Speaker 1: Yeah. I was reading the work of another Palestinian American journalist. She was writing in The Atlantic. And she talked about how being in her position felt especially dark, looking at Shireen death because she felt like she couldn’t trust her own government to protect her if something happened to her because she was looking at how Americans had responded, especially the American government. She said, No one’s rushing in to mediate this. It’s just kind of everyone for themselves. And I wondered if you felt like that, too.

Speaker 2: I do feel that way. I feel a darkness. I feel a sadness. I feel like, what is the point of this? You know?

Speaker 1: I think part of what some people’s response to Shireen death might be is that it seems so wild that Israeli soldiers would target a journalist. Because you ask yourself why? What’s the point of that? They’re clearly in a press. They have the press sign on them. They have a home. Like, why are you targeting them? And I wonder what you would say to someone who has questions like that.

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Speaker 2: I would say because they can and because they have done so in the past and they’ve gotten away with it and they’re going to get away with it this time around, too. And we’ve just lost our friend and our colleague and, you know, someone who was who was so beautiful. And they’re going to get away with it because they can. I mean, I can tell you 1001 stories from the Intifada years where I know people who lost their parents, you know, their parents were just sitting at a balcony and some Israeli soldier just, you know, went by and shot them and they died.

Speaker 1: This was in the early 2000s.

Speaker 2: Yes. This was like in 2002. And it had been happened in Nablus. And I still remember because that’s the kind of heartedness that stays in your mind. Because they can. Because when you put 18 year olds with guns and you tell them these people are bad, something happens. You know, they can be trigger happy, they can be whatever and mix that with hormones and and racism. And I mean, I don’t have an explanation because I’ve never held a gun. But, you know, people do bad things sometimes. And if they know they can get away with it, they, you know, they do it and they they get away with it.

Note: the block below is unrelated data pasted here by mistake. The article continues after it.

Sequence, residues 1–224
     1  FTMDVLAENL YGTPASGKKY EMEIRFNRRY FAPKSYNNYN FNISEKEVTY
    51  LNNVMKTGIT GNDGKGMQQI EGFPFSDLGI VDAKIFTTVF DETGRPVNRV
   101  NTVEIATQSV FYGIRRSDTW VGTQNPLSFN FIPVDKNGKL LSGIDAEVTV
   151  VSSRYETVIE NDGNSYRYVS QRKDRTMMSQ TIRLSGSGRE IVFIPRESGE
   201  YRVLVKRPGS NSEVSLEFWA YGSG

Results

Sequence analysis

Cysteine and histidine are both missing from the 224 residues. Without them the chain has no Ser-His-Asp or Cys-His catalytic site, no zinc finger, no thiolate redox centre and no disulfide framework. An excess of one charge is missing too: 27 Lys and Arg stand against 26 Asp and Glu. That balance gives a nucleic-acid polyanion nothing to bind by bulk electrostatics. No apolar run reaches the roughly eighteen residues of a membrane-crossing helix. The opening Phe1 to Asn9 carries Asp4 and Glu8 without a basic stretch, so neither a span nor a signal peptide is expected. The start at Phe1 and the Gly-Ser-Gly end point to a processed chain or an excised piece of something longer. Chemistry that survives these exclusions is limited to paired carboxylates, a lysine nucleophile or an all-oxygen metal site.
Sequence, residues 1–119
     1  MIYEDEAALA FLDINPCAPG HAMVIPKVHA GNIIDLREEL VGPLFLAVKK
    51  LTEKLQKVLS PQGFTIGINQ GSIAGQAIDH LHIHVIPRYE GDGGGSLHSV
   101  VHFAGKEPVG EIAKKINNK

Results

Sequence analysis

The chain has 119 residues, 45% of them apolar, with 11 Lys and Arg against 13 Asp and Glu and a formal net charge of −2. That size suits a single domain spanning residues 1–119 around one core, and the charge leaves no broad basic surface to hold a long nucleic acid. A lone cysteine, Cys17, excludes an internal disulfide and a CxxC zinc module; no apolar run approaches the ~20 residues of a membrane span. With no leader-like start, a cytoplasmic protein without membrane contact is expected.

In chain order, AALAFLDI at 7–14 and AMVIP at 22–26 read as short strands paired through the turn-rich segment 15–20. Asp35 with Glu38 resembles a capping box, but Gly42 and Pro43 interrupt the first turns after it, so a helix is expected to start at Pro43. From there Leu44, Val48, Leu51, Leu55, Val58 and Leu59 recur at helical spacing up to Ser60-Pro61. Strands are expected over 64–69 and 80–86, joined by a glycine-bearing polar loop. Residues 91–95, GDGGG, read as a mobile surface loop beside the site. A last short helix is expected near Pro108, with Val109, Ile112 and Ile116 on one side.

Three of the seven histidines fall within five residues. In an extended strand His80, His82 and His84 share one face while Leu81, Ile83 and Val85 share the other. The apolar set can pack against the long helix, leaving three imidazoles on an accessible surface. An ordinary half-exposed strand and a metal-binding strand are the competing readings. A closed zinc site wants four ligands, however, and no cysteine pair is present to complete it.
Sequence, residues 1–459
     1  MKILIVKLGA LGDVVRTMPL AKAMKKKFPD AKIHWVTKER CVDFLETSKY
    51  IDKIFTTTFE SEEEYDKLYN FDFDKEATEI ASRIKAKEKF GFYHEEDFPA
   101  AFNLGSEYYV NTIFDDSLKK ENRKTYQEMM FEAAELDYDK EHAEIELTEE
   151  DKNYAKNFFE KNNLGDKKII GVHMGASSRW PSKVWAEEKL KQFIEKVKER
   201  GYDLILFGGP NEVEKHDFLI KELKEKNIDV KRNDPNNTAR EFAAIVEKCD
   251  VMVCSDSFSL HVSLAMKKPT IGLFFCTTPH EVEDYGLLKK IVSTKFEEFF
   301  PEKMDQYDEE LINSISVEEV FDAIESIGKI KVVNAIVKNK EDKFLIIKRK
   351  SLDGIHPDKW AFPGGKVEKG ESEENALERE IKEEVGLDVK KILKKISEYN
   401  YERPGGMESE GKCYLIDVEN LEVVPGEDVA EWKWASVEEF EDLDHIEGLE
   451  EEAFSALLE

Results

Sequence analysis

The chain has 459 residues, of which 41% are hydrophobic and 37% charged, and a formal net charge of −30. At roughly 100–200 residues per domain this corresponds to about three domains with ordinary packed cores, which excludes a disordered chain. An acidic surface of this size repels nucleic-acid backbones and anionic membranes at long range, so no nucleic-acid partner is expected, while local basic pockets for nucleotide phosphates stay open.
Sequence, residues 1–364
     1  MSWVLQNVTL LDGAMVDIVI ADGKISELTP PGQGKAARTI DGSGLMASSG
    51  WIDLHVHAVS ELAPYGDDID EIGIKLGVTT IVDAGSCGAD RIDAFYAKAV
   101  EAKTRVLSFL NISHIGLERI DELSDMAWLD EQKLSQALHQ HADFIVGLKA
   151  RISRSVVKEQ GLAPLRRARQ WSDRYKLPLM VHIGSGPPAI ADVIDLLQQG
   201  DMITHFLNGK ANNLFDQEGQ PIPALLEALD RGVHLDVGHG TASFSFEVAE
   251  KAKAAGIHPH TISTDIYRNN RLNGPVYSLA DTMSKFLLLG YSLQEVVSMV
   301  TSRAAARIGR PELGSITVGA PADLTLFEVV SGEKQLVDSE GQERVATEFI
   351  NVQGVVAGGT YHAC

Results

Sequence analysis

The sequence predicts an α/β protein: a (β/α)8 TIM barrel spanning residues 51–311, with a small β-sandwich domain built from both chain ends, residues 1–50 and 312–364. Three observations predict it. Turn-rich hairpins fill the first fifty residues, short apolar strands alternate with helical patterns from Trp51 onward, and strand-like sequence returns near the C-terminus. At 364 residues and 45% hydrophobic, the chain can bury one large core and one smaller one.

Speaker 1: Is there anything else you want to say or make sure we know about Cherien and her life and what happened?

Speaker 2: I just want people to remember her as funny as someone who loved to shop and party and she had a sweet tooth. I rarely saw her sad or upset, even though she had lost her mom and dad at a younger age. And she covered so many tragedies. But her smile was constantly there. You know, covering Palestine is, you know, it’s kind of depressing. But she was such a free spirit. And covering Israeli human rights abuses never broke her. And it never stopped her from appreciating and enjoying life. And I just wish that she was still around to appreciate and enjoy life.

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Speaker 1: Dalia Hatuqa. Thank you so much for joining me and being so generous with your time.

Speaker 2: Thank you for having me.

Speaker 1: If we turn off the recorders or you tell me the dirty joke.

Speaker 2: Yeah. Hold on.

Speaker 1: Dalia Hatuqa is a multimedia journalist specializing in Israeli-Palestinian affairs and regional Middle East issues. In recent days, the Israel Defense Forces have said that while it’s possible an Israeli soldier fired the bullet that killed Shireen Abu Akleh, quote, no IDF soldier deliberately fired at a journalist. That is the conclusion. And there is no other. And that’s the show. What next is produced by Elaina Schwartz, Carmel Delshad and Mary Wilson. We are getting a ton of support these days from Anna Rubanova and Sam Kim. We are led by Alicia montgomery and Joanne Levine. And I’m Mary Harris. Go find me on Twitter. You can see pictures of my dog and stuff. It’s at Mary’s desk. All right. Thanks for listening. The show will be back in your feeds tomorrow.